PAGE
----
During the years I worked alongside my late husband and sailing partner, Larry, as he built our boats and repaired other people’s boats, he had taught me how to safely use basic woodworking tools and machinery. I’d learned to sharpen a chisel or scraper so I could remove the tops of wood plugs, or clean up pencil marks or sawblade scratches before applying the varnish or paint that made a customer’s boat look good. But up until a few weeks ago the only wooden things I’d actually built were some rickety sawhorses for the shop and a paper towel holder as a gift for a favorite sailing friend.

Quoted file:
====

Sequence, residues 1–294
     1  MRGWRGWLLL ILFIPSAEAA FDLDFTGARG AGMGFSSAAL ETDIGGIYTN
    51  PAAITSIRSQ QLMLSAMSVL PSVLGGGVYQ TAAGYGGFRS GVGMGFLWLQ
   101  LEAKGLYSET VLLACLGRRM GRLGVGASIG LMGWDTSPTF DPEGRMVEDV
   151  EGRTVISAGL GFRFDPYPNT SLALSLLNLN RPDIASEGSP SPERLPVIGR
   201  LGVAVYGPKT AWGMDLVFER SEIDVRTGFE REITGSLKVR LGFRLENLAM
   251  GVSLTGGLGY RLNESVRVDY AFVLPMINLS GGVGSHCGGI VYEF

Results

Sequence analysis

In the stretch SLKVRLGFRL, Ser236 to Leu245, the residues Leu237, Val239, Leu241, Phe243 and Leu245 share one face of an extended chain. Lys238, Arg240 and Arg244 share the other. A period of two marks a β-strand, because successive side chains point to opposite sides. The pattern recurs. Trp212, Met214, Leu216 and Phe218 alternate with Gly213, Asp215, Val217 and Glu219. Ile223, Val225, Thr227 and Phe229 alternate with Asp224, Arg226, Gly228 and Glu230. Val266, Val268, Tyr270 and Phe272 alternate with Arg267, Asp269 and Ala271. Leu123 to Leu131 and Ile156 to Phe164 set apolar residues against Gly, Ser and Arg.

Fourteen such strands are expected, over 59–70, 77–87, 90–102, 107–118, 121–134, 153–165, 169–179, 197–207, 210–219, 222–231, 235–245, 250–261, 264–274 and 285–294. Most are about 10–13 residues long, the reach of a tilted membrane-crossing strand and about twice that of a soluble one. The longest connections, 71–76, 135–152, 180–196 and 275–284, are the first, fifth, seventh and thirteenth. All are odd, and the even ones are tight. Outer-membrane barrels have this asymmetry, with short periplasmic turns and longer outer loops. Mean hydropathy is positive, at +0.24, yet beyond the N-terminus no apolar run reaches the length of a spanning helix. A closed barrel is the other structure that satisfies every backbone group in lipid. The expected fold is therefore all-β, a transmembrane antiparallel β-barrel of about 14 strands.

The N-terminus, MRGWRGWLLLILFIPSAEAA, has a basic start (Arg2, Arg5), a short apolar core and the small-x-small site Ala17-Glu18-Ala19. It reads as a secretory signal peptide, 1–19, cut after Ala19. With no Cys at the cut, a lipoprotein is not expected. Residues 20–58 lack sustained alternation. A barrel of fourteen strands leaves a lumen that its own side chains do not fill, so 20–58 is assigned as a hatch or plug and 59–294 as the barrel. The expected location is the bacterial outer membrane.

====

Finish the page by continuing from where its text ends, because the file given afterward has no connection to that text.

Then David came walking up to the house and said, “Lin, the only way I can think of to hide the wire connection for the overhead light in the salon is with a little wooden box. Are you willing to find some time to make one?”
Talking more boldly than I felt, I said, “Of course.” After all, how hard could it be — a simple little rectangular box just 11/4 inch by 2 inches by ¾-inch (32mm by 50mm by 19mm) deep? Then I climbed on board the boat and realized that everyone would be able to see the box—everyone who sat at the salon table, or turned on the overhead light!